The third red flag to look out for would be renal failure.

    These three are absolute indications for urgent treatment. There are some relative indications that we would see, which are less time-critical but may also prompt specialist review.

    They would be a rising creatinine, they may have pain not controlled by analgesia or persistent nausea and vomiting with an inability to keep down any oral fluid down. If there is any doubt about any of these, refer urgently to your urologist.

    Question 4
    What is the natural history of kidney stones?

    Kapil: So it’s fair to say that the majority of ureteric calculi that are less than 4mm in diameter pass spontaneously. There’s quite a famous study that included stones up to 4 mm in size, with 95% of them passing in a little over 4 weeks. And this is really quite size-dependent in the ureter, so if you had a small stone of 1 or 2 mm, this is more likely to pass quicker than a larger stone, makes sense really.

    If a stone is 5 mm or larger within the ureter then the chances of passage are less than even. We therefore use a size of 5 or 6mm as a rough cut off for intervention.

    Asymptomatic stones in the kidney do one of 3 things.
    – Number 1, they do absolutely nothing and cause no issue to the patient lifelong.
    – Number 2, they may grow in size and cause local symptoms such as discomfort and haematuria.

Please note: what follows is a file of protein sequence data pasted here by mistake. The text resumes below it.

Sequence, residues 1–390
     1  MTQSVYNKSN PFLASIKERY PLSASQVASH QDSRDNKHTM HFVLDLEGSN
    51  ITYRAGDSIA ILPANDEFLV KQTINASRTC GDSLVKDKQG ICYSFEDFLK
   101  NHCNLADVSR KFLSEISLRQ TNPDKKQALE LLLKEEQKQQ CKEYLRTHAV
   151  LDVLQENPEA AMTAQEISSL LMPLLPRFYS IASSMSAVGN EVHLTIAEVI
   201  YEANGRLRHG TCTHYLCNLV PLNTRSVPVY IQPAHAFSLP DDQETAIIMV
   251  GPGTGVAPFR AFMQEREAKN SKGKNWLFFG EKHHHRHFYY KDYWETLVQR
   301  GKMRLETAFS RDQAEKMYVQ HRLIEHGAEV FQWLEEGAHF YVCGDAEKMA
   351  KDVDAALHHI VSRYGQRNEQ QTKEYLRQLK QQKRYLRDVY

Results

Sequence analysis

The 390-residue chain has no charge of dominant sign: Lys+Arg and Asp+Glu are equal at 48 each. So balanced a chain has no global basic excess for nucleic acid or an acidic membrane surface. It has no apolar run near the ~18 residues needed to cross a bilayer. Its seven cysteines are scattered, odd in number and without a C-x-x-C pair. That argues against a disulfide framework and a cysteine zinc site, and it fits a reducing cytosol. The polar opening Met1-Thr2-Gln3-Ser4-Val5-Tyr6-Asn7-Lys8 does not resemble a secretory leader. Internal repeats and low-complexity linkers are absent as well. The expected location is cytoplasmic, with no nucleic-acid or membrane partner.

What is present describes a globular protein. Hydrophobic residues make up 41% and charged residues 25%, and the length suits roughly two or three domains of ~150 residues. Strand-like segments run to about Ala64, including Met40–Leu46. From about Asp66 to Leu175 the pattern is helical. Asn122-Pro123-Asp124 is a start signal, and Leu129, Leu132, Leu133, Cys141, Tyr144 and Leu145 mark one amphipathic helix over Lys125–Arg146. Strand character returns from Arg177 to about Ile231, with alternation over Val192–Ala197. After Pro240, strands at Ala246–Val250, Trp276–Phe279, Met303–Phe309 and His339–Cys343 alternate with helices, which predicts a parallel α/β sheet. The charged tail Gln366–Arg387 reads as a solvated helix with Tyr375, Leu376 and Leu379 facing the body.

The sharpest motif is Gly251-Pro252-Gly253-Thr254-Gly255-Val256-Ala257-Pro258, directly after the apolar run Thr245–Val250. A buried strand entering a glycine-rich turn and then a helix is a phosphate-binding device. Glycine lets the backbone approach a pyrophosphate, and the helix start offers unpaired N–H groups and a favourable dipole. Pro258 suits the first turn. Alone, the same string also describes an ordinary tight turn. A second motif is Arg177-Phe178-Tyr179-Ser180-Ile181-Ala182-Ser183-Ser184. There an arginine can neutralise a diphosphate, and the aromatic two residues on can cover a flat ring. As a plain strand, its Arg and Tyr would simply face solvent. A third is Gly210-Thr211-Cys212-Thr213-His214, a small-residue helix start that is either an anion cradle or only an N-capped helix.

– Number 3, they may go on the move and drop down to the ureter causing renal colic.

    Question 5
    When should you treat kidney stones and what are the treatment options?

    Kapil: So when answering this question the two things I would look carefully out at our patient factors and also stone factors.

    For the same reasons outlined earlier, we use a size cut-off of 5 mm in an asymptomatic kidney stone to recommend treatment. We tend to be more aggressive with certain types of patients and the patient factors I mentioned earlier may be related to occupations such as Pilots or public transport drivers who need to be stone-free in order to be cleared to work. If someone is quite isolated such as living in a remote area, working in mining or is an itinerant worker, we would try and get these patients completely stone free. The last group that we tend to be aggressive with stone clearance are those who have a solitary kidney because, as you can imagine, an obstructing calculus would put them into renal failure instantly.

    Treatment options are dependent upon a number of variables that I mentioned.